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What if you could save aggressively for retirement while you’re young, then simply stop and let the power of compound growth do its thing while you pursued careers and businesses you loved?
That’s what reaching coast level retirement savings is all about.
When I chose to leave investing to grow the blog, financial independence took a back seat. Five more years in that career and I would never have needed to work again. But those years would have meant missing some huge milestones in my boys’ lives. And since we had been preparing for FI, we had frontloaded our retirement.
What does that mean? Well, if we don’t add another penny to our retirement savings, we can early retire when I’m 45. The only money we need to earn is our current living expenses. When it comes to retirement, we’re coasting. And that opens up a lot of options.
Frontloading Your Retirement Savings
The idea of frontloading your retirement is saving early. And in large amounts. Then invest that money where it can grow, with low fees, for years to come.
Personally, we saved 50% to 70% of our income since I graduated. I made a high income and we chose a house well within our means and didn’t pick up expensive hobbies or tastes. It meant being careful not to fall for others expectations of ‘normal’.
While it took planning, the ability to frontload your retirement is a privilege. It requires having a sufficiently high income early in life so that you can live well within your means and save large amounts when you’re young. Can people making $50,000 to $60,000 a year do it? Absolutely. But they will have to make much more significant sacrifices.
However, if you can do it, frontloading allows you to take greater career risks. You can take a lower paying job in a career you love, as long as it covers today’s expenses. You can start a business with your measure of “success” being significantly lower. Or you can take time off to make memories with your family.
For us, choosing to coast means I can work a job that allows us the freedom to live where we want, travel, and ultimately find a homestead. I don’t need to be tied to major city centers for a job. I can work where ever my laptop is.
Setting a Frontloading Goal
Our original target was financial independence, but understanding coast level was easy from that perspective. We knew how much we wanted to spend in retirement. And how much we would need in assets to support that spending at my conservative 3.0% withdrawal rate.
So, instead of thinking about how to achieve that number, we started to think about when I might want to be truly retired. The FI/RE movement (financial independence, retire early) has a bit of a bad rap for calling oneself retired when you’re actually still working. I knew I wanted to build my own business and would likely work for some time. But when might I want to be completely done?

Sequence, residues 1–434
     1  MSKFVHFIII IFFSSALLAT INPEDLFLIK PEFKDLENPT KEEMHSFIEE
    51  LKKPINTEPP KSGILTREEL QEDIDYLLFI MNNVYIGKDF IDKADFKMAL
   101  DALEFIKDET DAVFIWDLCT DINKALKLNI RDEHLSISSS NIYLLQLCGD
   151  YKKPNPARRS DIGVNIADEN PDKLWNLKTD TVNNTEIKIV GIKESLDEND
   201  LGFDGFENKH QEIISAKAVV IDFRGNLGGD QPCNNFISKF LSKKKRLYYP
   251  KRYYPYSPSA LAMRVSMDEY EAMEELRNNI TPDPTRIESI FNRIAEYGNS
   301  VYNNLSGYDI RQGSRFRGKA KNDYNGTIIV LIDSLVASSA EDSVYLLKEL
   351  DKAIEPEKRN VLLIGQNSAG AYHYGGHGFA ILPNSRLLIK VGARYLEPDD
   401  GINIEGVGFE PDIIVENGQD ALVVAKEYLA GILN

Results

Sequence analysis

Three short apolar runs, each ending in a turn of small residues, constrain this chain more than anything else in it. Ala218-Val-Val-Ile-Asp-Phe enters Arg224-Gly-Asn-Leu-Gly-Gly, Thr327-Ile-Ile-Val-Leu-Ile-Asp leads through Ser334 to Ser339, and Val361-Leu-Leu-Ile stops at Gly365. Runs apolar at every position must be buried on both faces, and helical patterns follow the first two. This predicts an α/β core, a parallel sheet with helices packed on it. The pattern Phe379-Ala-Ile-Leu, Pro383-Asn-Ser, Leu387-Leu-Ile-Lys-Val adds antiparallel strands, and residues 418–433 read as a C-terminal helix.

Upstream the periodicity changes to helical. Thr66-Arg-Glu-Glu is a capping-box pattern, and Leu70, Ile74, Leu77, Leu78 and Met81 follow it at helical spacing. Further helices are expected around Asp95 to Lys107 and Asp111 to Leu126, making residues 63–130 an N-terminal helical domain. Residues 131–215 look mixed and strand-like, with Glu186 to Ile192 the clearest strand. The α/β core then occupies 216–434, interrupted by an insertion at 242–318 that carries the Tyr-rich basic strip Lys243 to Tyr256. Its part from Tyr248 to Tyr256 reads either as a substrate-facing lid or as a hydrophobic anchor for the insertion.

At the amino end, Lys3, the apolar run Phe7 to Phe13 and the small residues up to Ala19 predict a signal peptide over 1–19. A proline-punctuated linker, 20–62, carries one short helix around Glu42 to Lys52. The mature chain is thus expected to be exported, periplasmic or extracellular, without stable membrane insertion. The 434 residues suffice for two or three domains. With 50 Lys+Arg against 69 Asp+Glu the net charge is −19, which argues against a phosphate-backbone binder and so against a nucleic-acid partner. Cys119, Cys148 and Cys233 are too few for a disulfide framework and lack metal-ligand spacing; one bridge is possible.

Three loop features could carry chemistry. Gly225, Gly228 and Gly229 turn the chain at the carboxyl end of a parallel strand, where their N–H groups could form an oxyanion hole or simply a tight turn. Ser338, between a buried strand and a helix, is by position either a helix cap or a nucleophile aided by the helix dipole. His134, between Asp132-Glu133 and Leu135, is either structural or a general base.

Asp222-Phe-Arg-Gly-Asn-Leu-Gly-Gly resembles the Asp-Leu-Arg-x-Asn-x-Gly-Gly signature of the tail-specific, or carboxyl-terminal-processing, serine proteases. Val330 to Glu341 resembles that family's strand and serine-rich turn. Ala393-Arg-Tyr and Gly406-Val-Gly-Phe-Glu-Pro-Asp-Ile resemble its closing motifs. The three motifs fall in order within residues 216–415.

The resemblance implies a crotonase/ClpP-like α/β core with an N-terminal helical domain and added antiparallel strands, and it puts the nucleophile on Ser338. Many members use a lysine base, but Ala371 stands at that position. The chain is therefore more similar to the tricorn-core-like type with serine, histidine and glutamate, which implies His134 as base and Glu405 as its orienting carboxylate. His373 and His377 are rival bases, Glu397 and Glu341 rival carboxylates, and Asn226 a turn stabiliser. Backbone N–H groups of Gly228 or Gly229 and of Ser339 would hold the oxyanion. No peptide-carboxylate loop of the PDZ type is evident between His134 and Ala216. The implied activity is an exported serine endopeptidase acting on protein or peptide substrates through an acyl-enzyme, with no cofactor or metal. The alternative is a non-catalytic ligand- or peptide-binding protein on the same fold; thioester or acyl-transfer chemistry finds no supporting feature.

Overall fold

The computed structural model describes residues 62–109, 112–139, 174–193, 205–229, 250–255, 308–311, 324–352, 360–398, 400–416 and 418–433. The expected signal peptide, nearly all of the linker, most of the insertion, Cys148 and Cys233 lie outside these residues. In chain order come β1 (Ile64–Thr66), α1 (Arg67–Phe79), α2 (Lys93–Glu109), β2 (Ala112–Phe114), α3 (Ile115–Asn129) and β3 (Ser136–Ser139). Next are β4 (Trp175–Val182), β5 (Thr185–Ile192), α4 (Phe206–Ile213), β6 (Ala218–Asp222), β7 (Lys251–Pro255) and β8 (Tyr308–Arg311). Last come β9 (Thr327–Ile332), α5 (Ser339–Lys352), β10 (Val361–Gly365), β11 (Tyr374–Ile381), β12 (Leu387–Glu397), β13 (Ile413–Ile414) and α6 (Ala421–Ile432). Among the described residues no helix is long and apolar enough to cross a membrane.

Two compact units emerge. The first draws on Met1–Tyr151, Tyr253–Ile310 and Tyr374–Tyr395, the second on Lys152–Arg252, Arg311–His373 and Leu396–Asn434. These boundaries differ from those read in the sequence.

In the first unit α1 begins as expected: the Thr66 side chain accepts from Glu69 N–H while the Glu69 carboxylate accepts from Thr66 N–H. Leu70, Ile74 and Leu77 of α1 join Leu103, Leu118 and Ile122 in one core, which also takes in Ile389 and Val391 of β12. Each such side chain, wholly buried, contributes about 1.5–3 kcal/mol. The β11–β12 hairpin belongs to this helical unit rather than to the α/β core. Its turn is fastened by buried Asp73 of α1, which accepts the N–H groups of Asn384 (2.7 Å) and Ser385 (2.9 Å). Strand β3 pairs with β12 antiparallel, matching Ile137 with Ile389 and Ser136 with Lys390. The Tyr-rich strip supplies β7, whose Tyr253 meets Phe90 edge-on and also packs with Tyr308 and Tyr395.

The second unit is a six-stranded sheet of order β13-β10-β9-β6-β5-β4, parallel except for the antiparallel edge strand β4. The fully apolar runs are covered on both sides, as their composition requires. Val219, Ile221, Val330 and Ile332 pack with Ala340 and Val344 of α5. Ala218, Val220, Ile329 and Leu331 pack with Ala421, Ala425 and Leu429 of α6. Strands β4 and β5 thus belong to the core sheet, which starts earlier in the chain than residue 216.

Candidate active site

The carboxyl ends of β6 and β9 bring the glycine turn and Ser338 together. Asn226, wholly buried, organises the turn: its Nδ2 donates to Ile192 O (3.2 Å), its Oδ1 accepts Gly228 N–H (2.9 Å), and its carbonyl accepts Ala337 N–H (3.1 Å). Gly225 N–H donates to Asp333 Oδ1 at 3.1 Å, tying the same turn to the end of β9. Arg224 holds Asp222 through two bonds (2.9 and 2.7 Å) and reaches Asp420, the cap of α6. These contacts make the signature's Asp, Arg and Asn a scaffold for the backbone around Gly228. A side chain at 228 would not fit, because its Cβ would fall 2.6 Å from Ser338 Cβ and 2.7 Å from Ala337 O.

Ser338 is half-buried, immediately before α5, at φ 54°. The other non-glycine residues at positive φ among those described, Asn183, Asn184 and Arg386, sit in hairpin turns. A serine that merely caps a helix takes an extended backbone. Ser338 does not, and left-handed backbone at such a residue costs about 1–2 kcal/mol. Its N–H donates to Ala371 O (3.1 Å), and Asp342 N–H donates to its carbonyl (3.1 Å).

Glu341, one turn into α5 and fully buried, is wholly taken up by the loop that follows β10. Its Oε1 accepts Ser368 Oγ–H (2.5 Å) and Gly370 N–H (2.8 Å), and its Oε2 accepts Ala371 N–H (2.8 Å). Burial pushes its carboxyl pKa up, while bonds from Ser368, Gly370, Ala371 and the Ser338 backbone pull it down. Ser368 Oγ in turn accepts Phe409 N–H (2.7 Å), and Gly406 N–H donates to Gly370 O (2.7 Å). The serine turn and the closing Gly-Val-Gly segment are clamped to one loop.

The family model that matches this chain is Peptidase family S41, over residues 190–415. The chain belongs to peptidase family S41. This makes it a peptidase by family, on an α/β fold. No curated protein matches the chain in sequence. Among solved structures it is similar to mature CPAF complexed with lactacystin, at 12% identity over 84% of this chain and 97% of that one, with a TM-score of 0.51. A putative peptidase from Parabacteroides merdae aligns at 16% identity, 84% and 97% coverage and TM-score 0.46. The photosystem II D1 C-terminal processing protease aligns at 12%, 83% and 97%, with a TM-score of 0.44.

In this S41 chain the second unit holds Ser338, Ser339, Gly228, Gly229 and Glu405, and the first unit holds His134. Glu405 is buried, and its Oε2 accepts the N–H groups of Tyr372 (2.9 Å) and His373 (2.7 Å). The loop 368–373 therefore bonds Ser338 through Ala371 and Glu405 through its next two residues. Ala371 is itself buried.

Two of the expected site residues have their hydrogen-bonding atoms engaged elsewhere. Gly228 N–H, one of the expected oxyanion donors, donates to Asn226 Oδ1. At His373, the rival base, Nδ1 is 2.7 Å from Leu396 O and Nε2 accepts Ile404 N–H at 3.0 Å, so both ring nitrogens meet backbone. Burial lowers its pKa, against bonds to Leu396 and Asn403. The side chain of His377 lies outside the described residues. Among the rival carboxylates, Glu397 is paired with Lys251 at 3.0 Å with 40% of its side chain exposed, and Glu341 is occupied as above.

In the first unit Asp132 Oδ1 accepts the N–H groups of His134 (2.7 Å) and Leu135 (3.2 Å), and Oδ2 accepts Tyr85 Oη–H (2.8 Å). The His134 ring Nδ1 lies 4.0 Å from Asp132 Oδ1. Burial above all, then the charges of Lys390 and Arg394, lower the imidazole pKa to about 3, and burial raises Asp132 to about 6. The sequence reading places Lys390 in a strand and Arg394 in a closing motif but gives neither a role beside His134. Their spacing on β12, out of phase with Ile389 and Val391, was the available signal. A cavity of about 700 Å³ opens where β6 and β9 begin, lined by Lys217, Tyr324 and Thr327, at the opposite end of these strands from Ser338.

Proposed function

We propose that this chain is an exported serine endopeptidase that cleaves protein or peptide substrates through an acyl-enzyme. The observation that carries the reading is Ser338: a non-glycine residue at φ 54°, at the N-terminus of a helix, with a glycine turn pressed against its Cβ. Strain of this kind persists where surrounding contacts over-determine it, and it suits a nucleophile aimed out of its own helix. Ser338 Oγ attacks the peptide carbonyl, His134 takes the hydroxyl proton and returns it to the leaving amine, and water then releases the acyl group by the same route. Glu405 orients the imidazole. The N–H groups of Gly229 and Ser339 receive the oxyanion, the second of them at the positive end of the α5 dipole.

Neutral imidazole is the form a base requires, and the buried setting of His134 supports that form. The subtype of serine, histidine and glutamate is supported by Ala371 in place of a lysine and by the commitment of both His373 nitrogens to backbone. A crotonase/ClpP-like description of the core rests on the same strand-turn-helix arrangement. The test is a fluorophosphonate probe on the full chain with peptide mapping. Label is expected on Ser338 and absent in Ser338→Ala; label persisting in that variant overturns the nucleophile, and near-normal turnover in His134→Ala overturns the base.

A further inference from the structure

For us, that age was around 45. Jeremiah would be 51, the boys would both be off to college. We would still be plenty young to enjoy the freedom of travel and I might be done with the stress (and rush) of entrepreneurship.
If I could earn, at the minimum, our living expenses from blogging and freelance writing, what would our assets be worth when I was 45? I did a quick calculation in Excel, and Chris from Keep Thrifty helped me transform it into the calculator below for you to check your own numbers.
If You Coasted Today
For us, that calculator showed us that we already had enough. I could take a step back. But what if you weren’t already preparing for financial independence? What if you wanted to set a savings target to make a career change or chase a dream?
The calculator below lets you set your target coast age – when you stop actively saving for retirement – and your target retirement age. Input how much you expect to spend a month in retirement. Then discover how much you need to have saved by your coast age.
Assets Needed to Coast
Choosing to Coast
Making the decision to take a step back in your career is a tough one. Most people who have the option are naturally high achievers and walking away from a high salary is a difficult thing. Especially when colleagues and friends don’t understand the choice to earn less through an alternative career, making space for family, or taking the risk of entrepreneurship. But when you have confidence that you’ve already protected your future self and your family, it is easier to make that leap. And your early saving efforts can give you more years of passion-focused work.
What do you think about coast level retirement savings? Would you be able to leave a high-income career before being completely financially independent? Drop a note in the comments and let me know!
Hi, I’m Chelsea! I’m the founder of Mama Fish Saves and I’m almost embarrassingly passionate about reducing money stress for moms. As an ex-hedge fund investor, I’m an investment pro. I’m also a certified National Financial Education Instructor, mom to two hilarious young boys, and wife to my amazing husband (who’s a stay-at-home dad!). Let’s do great things together!